Pursuing happiness often proves to be a fruitless endeavor; Drugs, work, exercise, material wealth, and even religion…merely offer temporary happiness at best. Only God can offer endless, eternal joy. Like hope and love, God’s joy is not conditional. It’s a gift given freely to anyone who wants it.
While accepting this gift doesn’t stop the depression in my friend, it does allow her to find reasons to rejoice. Like Paul, she knows what God is capable of doing, because she has seen what God has done through the Christ child. In Christ and through Christ and with Christ, the Spirit of God gives her hope, love and joy.
The same is true for us today.
When Christ is in us, we too will always have a reason to rejoice. For our joy is not based on ‘if’ God loves us...but ‘because’ God loves us. And Jesus Christ is the proof of how far God is willing to go to do this. When we welcome Christ into our hearts, we ignite God’s promise hope and steadfast love within us – illuminating a deep sense of joy that can never be stolen or taken away.
Which takes us to another one of my favorite Christmas movies from my childhood.
Based on the story by Dr. Seuss, How The Grinch Stole Christmas, is about a tiny-hearted curmudgeon who lives in a cave above the land of Whoville. From his craggy hole, the Grinch looks down on the cheery Whos with disgust. This sentiment only gets worse during the Christmas season. Fed up with their merriment, the Grinch decides to dress up like Santa Claus and steal their Christmas joy.
Yet, after his mission is complete, the Grinch is surprised to see that robbing The Whos of all their material goods didn’t change a thing. The people still had joy in their hearts. They still had hope and love that kept them rejoicing because nothing of real value was taken away.
In witnessing their joy, the Grinch has a literal change of heart. Not only is it transformed but it triples in size! He discovers, joy is not found in material things. Instead, it comes from within a heart that God has reordered from the inside out.
Henri Nouwen writes, “I realize that the only way for us to stay well in the midst of the mini world is to stay close to the small, vulnerable child that lives in our hearts and in every other human being.”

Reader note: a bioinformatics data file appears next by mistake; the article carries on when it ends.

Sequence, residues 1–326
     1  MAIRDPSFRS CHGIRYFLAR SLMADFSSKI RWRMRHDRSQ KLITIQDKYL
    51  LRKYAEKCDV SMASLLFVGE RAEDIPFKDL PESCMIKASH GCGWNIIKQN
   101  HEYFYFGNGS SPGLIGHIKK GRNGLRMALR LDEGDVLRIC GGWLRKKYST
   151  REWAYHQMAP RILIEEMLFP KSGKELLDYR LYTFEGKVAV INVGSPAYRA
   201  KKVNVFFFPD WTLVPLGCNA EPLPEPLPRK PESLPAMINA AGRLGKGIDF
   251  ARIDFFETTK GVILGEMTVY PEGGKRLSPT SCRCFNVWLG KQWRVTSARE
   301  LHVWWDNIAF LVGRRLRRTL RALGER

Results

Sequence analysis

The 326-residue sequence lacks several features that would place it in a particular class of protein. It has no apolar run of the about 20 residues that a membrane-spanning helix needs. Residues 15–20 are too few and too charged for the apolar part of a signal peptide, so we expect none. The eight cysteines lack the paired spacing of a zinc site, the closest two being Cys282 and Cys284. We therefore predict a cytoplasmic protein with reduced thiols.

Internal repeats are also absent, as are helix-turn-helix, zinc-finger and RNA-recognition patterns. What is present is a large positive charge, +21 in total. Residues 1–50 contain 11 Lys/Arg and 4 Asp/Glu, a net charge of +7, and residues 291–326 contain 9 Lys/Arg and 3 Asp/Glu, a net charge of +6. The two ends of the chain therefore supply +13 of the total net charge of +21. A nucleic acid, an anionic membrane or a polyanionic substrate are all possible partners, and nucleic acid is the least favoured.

We often forget that the Christ child has already come. It is already here, within us all. Like The Whos realize, that Christ light in us can never be taken away or snuffed out. Once we discover the joy of Christ within us, we can’t help but truly rejoice in the Lord always.
And so here’s what I want you to leave with today - especially if you are feeling like Charlie Brown or the Grinch. To all of us who are struggling to find joy in your life right now, listen carefully to these words that were part of a friend’s Facebook post this week.
He wrote, “While you and I search our hearts for some joyous feeling despite illness and death all around us, the Savior's birth offers tangible evidence that sorrow and sadness will not have the final word! As sure as Christ was born, God will lead His people to eternal joy.”
This is not a quote from a classic movie, but it is part of a timeless story. A story of God Incarnate who breaks through the darkness to shine light who comes into our harden hearts to us to redeem us and restore us, and who bring us home rejoicing.
The reason we can rejoice when life gets us down happens because God never lets us down. Instead God lifts us up and empowers us to move into that space between today and tomorrow - to fearlessly share our hope to the hopeless, love to the loveless, and joy to the joyless. Let us go into Anamesa so that the world can see the Christ child in us and through us. And together with Christ may they join us and rejoice.
Based on an original sermon Joy: Whenever We Need It (December 16, 2018)
Bliss, Don - Facebook post on Thursday, December 9, 2021
Nouwen, Henri J. M. You are the Beloved. (Convergent, 2017).
An ex-copywriter turned punk rock pastor and peacemaker who dedicates his life to making the world a better place for all humanity.
"that they all might be one" ~John 17:21
“Prius vita quam doctrina.”
~ St. Thomas Aquinas (1225–1274)
* “Life is more important than doctrine.”